by Jack Lindquist
In a special edition of Park Bloggin’, official ‘Disney Legend’ Jack Lindquist (pictured), who began his 38-year career with the company as Disneyland’s first ever advertising manager, explains how he helped put the California park and its then relatively unknown location on the map.
Before I went to work for Disney, I interned at an ad agency in Los Angeles. I was very happy, loved my work, and probably would have stayed in that industry had I not had the chance to become the first advertising manager for Disneyland. That sounds like a grand title, but in fact I was the only person in the advertising department at the time; I was a great boss!
I had read about Walt’s plan to build a park in Anaheim, but first of all I had to figure out where the hell Anaheim was. Living in Southern California, it wasn’t that hard to find. I just fell in love in the park when I saw it. Even seeing it 80% complete, I knew it wasn’t an amusement park. This was something no one had done before. There was a real train station, there was an opera house, then you look down Main Street and there’s a real castle! I didn’t know if would work, but thought something this unique should. Only time could tell.
One of the things we had going for us in those days, and this was 1955 remember, was that we didn’t know we couldn’t something; so we just went ahead and did it. Also Walt have us the freedom to try things, we didn’t have to take it to accounting. We trialled a lot of things, like New Year’s Eve, opening the park [with a second admission] after dark, Grad Night and so on. As the company grew we transferred a lot of those things from the park in California to Walt Disney World in Florida.
Disney never depended on solely advertising to get the word out. We used a lot of publicity and promotion, and we were fantastically lucky to have ABC do an hour’s live transmission every Sunday night from the park. I would say that for the first four years it was all strictly local advertising; we put a lot of effort into selling where Anaheim was and then when the Santa Ana freeway opened up, outdoor became very important, we put a lot of direction signs out and shaped our advertising around that.
We didn’t become major advertisers until we opened Walt Disney World, and at that time I had responsibility for both sites. I knew that when we opened Florida it would be a totally different ball game. In California we had enough population in the state to exist, but in Florida we didn’t have that luxury. We had to draw people down from New York, Boston, Philadelphia, Chicago, St Louis; everywhere east of the Mississippi.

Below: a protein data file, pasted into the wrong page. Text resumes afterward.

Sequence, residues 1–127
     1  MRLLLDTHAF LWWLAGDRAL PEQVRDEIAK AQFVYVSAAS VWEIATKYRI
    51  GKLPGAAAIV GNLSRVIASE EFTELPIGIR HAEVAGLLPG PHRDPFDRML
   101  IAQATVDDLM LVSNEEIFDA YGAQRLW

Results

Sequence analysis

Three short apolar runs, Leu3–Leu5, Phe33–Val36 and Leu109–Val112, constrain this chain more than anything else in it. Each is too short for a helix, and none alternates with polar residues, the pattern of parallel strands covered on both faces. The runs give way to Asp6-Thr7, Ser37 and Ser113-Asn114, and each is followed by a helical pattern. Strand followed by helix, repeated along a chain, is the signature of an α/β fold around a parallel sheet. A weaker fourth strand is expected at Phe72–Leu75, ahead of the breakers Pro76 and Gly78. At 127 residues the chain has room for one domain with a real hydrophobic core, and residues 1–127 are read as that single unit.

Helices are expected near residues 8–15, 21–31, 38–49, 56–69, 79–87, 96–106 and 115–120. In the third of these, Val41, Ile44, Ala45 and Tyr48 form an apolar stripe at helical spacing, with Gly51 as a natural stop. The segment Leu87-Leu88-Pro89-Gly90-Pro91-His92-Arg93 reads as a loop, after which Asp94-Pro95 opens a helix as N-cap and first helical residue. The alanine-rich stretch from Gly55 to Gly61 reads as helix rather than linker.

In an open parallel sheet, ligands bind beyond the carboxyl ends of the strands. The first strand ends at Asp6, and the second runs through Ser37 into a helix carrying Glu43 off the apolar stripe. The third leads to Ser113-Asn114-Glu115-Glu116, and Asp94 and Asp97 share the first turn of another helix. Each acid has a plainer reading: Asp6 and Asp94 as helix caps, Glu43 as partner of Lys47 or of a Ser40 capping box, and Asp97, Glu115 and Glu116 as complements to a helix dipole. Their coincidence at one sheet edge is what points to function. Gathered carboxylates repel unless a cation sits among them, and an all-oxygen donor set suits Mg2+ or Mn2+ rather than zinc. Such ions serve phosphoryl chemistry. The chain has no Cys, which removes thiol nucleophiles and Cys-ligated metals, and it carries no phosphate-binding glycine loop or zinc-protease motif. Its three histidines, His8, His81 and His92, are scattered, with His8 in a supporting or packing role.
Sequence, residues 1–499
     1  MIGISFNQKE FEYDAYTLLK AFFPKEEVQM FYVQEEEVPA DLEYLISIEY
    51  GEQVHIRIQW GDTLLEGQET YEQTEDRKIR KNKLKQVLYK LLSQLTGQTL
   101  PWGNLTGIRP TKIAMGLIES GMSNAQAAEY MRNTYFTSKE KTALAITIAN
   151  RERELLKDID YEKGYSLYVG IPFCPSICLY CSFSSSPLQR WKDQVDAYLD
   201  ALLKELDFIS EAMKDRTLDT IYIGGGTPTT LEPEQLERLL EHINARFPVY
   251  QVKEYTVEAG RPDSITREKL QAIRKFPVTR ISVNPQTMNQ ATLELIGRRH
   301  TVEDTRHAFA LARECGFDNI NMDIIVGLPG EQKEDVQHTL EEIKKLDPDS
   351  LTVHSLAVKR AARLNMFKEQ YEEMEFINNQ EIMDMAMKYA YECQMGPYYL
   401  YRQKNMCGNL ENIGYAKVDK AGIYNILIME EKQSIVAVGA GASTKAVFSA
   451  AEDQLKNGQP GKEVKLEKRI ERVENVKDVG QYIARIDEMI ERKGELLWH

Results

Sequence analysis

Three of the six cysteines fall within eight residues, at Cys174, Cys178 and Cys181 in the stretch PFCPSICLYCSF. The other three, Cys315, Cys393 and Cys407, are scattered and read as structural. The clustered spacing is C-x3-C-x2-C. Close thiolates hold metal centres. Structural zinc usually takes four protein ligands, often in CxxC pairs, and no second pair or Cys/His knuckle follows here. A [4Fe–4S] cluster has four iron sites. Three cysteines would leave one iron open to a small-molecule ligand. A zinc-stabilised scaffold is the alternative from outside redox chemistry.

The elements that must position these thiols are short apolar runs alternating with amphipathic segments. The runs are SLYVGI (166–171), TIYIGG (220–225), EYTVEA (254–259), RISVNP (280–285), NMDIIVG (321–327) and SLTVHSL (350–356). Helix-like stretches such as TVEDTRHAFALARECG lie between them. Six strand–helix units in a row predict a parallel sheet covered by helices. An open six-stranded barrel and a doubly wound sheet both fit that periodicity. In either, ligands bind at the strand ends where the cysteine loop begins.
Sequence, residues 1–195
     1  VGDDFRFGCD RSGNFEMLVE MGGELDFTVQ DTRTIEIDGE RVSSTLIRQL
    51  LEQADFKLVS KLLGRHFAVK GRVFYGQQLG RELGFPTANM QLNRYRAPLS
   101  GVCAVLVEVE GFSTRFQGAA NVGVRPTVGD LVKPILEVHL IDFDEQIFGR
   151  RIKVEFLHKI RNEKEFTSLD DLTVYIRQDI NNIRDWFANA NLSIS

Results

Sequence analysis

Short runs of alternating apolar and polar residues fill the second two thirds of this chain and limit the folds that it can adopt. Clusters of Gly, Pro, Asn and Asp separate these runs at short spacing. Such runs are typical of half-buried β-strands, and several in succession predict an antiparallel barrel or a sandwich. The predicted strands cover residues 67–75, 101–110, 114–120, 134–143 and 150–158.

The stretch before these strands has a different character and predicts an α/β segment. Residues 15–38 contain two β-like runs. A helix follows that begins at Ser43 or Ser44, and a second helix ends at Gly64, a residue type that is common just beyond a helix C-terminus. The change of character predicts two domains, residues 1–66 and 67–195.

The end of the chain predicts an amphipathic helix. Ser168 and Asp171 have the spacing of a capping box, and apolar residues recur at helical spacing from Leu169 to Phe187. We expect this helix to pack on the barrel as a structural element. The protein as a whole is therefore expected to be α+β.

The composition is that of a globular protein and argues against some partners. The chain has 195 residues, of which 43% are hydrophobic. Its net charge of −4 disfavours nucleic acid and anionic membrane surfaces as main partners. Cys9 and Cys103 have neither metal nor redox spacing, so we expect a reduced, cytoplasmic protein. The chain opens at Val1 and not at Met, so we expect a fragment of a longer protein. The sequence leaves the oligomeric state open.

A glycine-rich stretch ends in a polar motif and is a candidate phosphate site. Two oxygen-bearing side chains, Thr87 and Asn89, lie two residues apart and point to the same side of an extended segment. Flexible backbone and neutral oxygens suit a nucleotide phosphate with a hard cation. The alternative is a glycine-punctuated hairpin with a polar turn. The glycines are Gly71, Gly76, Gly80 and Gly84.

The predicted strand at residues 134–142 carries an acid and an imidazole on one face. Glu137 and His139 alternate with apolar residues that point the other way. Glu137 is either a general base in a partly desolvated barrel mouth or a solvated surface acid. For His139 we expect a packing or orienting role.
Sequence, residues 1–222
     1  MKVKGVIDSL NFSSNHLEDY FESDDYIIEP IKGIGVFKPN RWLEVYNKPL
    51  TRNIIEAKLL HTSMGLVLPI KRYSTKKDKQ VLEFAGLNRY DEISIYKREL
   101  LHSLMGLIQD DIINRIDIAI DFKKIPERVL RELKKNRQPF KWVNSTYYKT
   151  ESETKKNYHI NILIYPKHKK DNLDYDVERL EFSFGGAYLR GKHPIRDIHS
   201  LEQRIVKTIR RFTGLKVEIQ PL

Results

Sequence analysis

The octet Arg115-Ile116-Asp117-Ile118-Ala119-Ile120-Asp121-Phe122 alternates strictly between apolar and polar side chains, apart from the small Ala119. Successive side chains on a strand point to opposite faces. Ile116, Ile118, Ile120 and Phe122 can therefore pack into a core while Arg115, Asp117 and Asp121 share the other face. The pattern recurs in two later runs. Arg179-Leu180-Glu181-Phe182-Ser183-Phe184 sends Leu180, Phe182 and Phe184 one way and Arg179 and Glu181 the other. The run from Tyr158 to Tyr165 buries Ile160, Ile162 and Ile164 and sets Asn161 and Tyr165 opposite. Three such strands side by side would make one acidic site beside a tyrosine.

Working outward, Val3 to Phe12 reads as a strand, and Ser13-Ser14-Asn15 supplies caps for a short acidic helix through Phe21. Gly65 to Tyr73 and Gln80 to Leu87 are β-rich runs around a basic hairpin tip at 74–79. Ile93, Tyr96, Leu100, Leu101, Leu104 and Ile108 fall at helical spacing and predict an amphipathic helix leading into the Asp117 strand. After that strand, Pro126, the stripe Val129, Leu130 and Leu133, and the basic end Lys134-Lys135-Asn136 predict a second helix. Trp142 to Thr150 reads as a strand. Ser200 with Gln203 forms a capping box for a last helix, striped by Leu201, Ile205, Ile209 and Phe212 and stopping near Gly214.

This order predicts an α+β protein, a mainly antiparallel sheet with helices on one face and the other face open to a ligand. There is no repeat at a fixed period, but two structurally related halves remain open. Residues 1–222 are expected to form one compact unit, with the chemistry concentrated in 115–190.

I formed the Walt Disney Travel Company because I wanted to be able to feed the parks. Even in California we had a relatively small piece of the pie. Initially we put down the Disneyland Hotel, but then all the other hotels starting appearing around the park and were doing well. With a travel company I saw that we could arrange where people stayed, we booked their air travel and booked their rental car; now we had all the pieces of the pie.
You can sell something as hard as you like, but people will only come if the product is as good as it’s supposed to be. And it was. If it hadn’t, I would have had to see what happened after two or three years. It probably wasn’t until 25 years later that I really sat down and said to myself, “You aren’t going anywhere, this is it buddy, this is your career” – and it was a great one. I became director or marketing at Disneyland, vice-president of marketing for Walt Disney World, then park president in Anaheim and vice-president and director of marketing for Tokyo and Paris. I retired 20 years ago. I wrote a book in 2010 (In Service to the Mouse with Melinda J Combs) and now I’m doing a new book with Tim O’Brien, but I have no urgency. If it’s finished and it gets published, good. If not, so what?
Jack Lindquist was speaking to Owen Ralph in conjunction with the Legends and their Legacies panel discussion at IAAPA Attractions Expo 2013